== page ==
My husband will spend hours late at night polishing and cleaning the interior of my car and then thinks I'm ungrateful when I don't get excited abou...
What is the Good News? I mean, what is the Jesus Gospel? The lifestyle of Jesus is a huge part of it! The life He lived, and taught us to live, is very good news! Salvation and justification are part of it. That's the beginning of our life in Jesus.
As an 8-year-old I had my life planned out. I knew I was going to graduate high school, go to college, get my J.D., become a lawyer, get married, and live happily ever after. This is more or less what I perceived to be expected of me and I was prepared to make it happen.
Americans are more worried and anxious about the future than ever. Sure, every generation seems to think, for one reason or another, that the place is going to hell in a hand basket. This time, it appears to be a unique convergence of a number of things.
Our society deals with a lot of hurt and suspicion, right? So how can you let people know that you truly love them? How can you let them know that they can trust your love? Well, how did people know that Jesus loved them? Why did people trust His love?
The police department in Fuquay-Varina, North Carolina not only schooled us all on how to use social media with impact but scored huge points with residents all over the state by posting reports about the "Ham on the Lam" to the department Facebook Page.
A defining moment of my childhood was the night my father left and returned with tears in his eyes for a closed-door conversation with my mother. No o...
Serving someone is not the same as saying, "You can't do this for yourself." That's not it. Being a servant is saying, "I serve you in order to honor you." I think our society is losing track of this idea of being a servant leader by loving and honoring our neighbor.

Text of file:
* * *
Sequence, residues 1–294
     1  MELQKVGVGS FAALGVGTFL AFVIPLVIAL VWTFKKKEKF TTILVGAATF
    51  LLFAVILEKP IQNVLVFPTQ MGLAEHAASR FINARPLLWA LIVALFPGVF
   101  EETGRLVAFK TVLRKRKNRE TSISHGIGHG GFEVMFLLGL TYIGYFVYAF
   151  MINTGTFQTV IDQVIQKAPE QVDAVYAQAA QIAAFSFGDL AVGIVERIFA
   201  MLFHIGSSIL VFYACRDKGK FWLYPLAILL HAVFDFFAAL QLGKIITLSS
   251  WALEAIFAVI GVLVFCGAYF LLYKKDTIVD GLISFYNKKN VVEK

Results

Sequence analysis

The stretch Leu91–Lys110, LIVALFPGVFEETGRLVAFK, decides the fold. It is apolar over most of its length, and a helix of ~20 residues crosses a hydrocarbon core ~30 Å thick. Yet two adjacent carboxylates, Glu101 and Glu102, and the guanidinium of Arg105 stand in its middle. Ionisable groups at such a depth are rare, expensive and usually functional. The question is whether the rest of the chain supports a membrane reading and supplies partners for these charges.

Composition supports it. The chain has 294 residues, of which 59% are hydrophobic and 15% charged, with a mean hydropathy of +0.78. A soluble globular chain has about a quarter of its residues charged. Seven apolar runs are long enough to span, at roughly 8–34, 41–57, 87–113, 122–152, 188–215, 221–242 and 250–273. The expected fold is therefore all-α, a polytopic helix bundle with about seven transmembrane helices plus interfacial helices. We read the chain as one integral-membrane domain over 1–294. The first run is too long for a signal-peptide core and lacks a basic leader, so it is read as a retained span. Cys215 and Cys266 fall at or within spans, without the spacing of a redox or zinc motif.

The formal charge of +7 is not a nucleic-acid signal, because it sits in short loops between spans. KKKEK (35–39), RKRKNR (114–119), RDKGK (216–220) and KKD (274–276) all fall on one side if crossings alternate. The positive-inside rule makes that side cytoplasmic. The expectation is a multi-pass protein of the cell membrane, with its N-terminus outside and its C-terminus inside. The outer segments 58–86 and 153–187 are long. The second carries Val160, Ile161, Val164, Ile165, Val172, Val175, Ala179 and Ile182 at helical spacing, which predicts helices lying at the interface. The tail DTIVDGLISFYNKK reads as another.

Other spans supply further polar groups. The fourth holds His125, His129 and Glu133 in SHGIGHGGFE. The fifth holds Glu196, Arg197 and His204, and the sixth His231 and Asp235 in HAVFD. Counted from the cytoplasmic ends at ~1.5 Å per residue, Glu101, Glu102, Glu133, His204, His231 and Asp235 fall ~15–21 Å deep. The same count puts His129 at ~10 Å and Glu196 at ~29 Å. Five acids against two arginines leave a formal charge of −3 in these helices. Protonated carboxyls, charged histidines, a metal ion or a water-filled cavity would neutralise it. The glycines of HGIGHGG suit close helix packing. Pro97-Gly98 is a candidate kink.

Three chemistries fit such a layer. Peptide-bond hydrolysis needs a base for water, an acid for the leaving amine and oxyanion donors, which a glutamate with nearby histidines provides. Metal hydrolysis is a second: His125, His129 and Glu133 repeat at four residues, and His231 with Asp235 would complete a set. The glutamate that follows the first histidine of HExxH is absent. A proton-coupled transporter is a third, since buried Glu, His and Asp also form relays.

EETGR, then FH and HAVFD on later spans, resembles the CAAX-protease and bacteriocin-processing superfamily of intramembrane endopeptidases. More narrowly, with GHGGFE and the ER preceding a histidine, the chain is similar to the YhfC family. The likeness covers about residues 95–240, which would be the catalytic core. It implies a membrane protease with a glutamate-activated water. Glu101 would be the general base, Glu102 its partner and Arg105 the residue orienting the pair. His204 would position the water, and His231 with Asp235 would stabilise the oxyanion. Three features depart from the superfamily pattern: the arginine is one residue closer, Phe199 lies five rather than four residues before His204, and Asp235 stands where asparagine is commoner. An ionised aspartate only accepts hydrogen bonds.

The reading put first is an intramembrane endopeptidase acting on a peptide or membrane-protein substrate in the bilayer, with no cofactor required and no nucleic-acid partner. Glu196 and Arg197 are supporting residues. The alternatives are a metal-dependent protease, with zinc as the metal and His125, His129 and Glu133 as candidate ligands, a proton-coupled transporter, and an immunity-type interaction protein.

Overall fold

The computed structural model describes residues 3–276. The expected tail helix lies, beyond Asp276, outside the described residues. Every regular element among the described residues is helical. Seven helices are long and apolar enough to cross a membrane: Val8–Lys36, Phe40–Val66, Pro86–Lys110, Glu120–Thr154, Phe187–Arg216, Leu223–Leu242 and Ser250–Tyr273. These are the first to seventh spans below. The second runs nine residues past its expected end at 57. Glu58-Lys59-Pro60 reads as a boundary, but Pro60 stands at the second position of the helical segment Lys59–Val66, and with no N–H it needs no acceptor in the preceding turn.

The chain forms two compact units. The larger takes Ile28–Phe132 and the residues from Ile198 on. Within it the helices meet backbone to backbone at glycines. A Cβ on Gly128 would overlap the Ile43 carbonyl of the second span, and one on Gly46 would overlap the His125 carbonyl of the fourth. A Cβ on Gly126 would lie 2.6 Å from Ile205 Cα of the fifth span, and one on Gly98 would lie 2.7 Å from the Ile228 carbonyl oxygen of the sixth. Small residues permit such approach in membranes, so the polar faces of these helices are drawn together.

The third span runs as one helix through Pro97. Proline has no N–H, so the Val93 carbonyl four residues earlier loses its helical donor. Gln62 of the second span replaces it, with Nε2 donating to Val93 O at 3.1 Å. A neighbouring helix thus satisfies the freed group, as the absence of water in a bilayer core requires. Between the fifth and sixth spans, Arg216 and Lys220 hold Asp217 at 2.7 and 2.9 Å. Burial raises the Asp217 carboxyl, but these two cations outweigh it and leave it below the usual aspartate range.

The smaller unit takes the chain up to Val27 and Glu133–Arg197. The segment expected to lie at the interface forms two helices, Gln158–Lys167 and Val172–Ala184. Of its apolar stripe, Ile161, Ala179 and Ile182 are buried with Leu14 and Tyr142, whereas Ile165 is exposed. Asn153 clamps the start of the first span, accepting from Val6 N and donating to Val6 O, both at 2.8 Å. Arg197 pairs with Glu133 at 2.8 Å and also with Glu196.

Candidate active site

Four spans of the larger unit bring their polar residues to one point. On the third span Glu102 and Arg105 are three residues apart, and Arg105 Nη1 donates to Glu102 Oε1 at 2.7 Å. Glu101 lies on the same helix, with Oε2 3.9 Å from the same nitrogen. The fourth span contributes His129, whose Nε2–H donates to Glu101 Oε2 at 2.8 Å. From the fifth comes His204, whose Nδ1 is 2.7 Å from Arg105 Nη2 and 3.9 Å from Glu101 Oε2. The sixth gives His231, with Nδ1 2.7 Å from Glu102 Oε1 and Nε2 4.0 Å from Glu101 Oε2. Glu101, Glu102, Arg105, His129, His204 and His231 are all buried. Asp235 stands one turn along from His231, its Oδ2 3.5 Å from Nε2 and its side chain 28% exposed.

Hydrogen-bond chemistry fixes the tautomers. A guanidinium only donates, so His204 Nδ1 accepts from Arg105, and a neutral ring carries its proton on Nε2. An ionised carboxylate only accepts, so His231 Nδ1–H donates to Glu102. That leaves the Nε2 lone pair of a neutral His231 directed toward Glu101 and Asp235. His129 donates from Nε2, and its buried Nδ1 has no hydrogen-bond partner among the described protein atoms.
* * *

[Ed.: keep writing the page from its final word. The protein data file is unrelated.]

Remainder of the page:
Certain patterns emerged to best characterize high-performance small business teams, defined as those that most consistently keep up with customers' changing expectations for sales and service.
Here's your mentality when you're a servant leader. You say, "I'm going to take my leadership skills and use them to serve." That's the whole concept of servant leadership, in a nutshell. You lead with the understanding that you're going to serve others.
In June 1977, before entering university, I had an unlikely epiphany. My economics teacher Mr B, an ex army major, showed a film on socio-economics which fired my imagination so much that, when I arrived at college a few months later, I changed my course from business studies to economic and social history.
It is fitting that we honor Dr. King's legacy with a national day of service -- and I look forward to joining my neighbors this morning in volunteering to improve an inner-city Chicago public school -- but, as a society, we can do better than one single day of service.
Establishing a comprehensive system of national service can, in many ways, uniquely address each of these pressing challenges by uniting people in common purpose across lines of difference, enlisting the energy and idealism of our young people to tackle pressing challenges, providing college scholarships for those who serve, and most of all, by reminding us that we are all in this together and have a duty and responsibility to give back to our communities and country.
Today, millions of Americans from all walks of life will join their neighbors in marking the national Martin Luther King, Jr. Day of Service to help achieve Dr. King's dream of building a more beloved community. And as we settle into a new year, there is no better time to reflect on the progress we've made as a country and the challenges we still face.
During a time of great concern and unrest in our communities, country, and world, celebrating Rev. King's birthday brings me joy and hope. The fact that his birthday is a nationally recognized holiday makes me both proud and optimistic.
The Martin Luther King Jr. Day of Service is an opportunity for all Americans to demonstrate the value and power of service by answering what Dr. King called life's most persistent question: "What are you doing for others?"